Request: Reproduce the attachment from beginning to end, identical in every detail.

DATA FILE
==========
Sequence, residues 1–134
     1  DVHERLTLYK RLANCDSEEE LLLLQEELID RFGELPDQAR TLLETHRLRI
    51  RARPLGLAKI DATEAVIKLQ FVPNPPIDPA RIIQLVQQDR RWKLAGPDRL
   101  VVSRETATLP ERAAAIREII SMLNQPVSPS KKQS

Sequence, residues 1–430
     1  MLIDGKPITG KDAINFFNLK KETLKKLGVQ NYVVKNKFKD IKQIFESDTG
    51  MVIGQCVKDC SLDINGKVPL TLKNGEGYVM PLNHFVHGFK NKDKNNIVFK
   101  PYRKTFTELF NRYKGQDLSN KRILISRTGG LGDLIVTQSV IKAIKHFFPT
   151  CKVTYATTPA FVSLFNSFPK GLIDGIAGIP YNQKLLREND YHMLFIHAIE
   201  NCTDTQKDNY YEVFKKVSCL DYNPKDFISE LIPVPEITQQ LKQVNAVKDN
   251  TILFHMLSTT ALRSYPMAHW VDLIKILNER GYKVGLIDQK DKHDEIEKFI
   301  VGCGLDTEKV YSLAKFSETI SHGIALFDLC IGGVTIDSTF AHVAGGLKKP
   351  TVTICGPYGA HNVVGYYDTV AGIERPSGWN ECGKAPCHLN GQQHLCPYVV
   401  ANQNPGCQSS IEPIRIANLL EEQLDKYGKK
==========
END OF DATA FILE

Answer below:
Sequence, residues 1–134
     1  DVHERLTLYK RLANCDSEEE LLLLQEELID RFGELPDQAR TLLETHRLRI
    51  RARPLGLAKI DATEAVIKLQ FVPNPPIDPA RIIQLVQQDR RWKLAGPDRL
   101  VVSRETATLP ERAAAIREII SMLNQPVSPS KKQS

Sequence, residues 1–430
     1  MLIDGKPITG KDAINFFNLK KETLKKLGVQ NYVVKNKFKD IKQIFESDTG
    51  MVIGQCVKDC SLDINGKVPL TLKNGEGYVM PLNHFVHGFK NKDKNNIVFK
   101  PYRKTFTELF NRYKGQDLSN KRILISRTGG LGDLIVTQSV IKAIKHFFPT
   151  CKVTYATTPA FVSLFNSFPK GLIDGIAGIP YNQKLLREND YHMLFIHAIE
   201  NCTDTQKDNY YEVFKKVSCL DYNPKDFISE LIPVPEITQQ LKQVNAVKDN
   251  TILFHMLSTT ALRSYPMAHW VDLIKILNER GYKVGLIDQK DKHDEIEKFI
   301  VGCGLDTEKV YSLAKFSETI SHGIALFDLC IGGVTIDSTF AHVAGGLKKP
   351  TVTICGPYGA HNVVGYYDTV AGIERPSGWN ECGKAPCHLN GQQHLCPYVV
   401  ANQNPGCQSS IEPIRIANLL EEQLDKYGKK